My Head In the Clouds with Gophercloud and Cloud Files
What ever happened to Gophercloud's Cloud Files support? And, when will Gophercloud finally become multi-vendor? I plan on completing these two items in that exact order in the coming months, but it will take some time.
First, let me give the status update with respect to Cloud Files support. In the working world, you're often pulled in a plurality of directions at once. As you can imagine, Gophercloud is but one of many projects I'm involved with. While this doesn't pull me off of Gophercloud full-time, it does cut into the time I can spend working on it.
For the past month or so, whenever I could sit down and work on Gophercloud, I spent the time studying OpenStack, Microsoft, Amazon, and Google solutions for cloud file storage, looking for any commonality between them that I could capitalize on when defining the Gophercloud cloud files API. Support for OpenStack cloud files comes relatively easy. Laying the plans to support the equivalent services from Amazon, Microsoft's Azure, and Google's AppEngine all using the same interfaces, however, proved substantially more daunting than I anticipated. It's not that these services' particular APIs were all that hard to use. Indeed, each of these services offers, superficially, the same class of service. Their respective details differ, however, in such a way as to impede easy abstraction.
To restore the parity of feet and terra firma, and actually start pushing code again instead of daydream, I decided to punt on supporting everything from everyone, and just focus once again on OpenStack. It's what I know, and, based on exchanges on the development mailing list and in Github tickets, it's what those actually using Gophercloud seem to expect the most. So, expect more pull requests soon.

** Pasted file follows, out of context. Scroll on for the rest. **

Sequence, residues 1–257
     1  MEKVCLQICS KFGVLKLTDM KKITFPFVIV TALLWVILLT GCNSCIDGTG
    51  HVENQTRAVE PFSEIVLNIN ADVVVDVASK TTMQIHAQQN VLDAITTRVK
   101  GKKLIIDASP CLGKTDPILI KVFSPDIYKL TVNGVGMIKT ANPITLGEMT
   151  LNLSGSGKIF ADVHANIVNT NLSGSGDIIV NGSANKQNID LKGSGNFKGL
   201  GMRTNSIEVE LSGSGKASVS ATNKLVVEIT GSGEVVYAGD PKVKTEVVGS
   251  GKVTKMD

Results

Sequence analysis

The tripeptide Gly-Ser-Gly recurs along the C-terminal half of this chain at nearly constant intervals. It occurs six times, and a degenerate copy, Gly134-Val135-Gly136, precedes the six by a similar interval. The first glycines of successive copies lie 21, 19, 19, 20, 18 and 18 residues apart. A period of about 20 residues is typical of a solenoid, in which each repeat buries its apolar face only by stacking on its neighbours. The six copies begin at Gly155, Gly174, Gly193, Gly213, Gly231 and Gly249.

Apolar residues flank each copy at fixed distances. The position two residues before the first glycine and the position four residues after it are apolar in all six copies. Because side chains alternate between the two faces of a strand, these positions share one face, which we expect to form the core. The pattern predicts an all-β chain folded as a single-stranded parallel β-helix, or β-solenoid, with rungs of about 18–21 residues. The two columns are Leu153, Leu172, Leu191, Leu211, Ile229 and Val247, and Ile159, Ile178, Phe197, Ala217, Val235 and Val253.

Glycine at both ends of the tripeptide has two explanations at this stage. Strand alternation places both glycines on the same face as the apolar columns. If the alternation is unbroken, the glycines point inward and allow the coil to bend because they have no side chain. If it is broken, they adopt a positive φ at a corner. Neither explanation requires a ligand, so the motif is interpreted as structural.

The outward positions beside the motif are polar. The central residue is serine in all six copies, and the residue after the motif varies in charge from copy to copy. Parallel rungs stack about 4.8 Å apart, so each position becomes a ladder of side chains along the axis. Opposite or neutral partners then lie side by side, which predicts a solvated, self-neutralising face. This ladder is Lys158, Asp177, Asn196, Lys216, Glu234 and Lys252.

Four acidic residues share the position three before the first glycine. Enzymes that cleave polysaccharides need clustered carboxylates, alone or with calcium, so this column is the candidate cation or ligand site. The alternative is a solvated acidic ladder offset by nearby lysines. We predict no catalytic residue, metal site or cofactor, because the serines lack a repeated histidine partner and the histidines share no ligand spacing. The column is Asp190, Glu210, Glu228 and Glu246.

When, however, will the multi-vendor support become a reality? This has been a contentious issue in the past, and Rackspace's SDK support priorities have always been Openstack, Rackspace, and then other providers. However, my gut tells me that Gophercloud lacks more contributors largely because it hasn't addressed support for more providers yet. Thus, I feel motivated to address multi-vendor support as soon as I'm happy with its cloud files support.
Once I define the precedent for an API's basic design, filling in missing functionality typically involves a handful of lines of code for each end-point. Indeed, if Go supported macros, they could help trivially implement many of the compute-related functions. The real excitement lies with making Gophercloud multi-vendor capable, for in there lies the more interesting problems to solve.
Unless I receive strong support for the staying the course, I think the time has come that I should invest effort in widening support for multiple vendors. After all, this has always been part of Gophercloud's promise from day one, and I'd feel disingenuous for going too long without addressing this feature. Besides, having existing infrastructure for more platforms might provide the way by which additional contributions, especially for non-OpenStack platforms, come. Taken at face value, "Build it and they will come," may not always hold true. Sometimes, I think, folks just want a paved road to the construction site.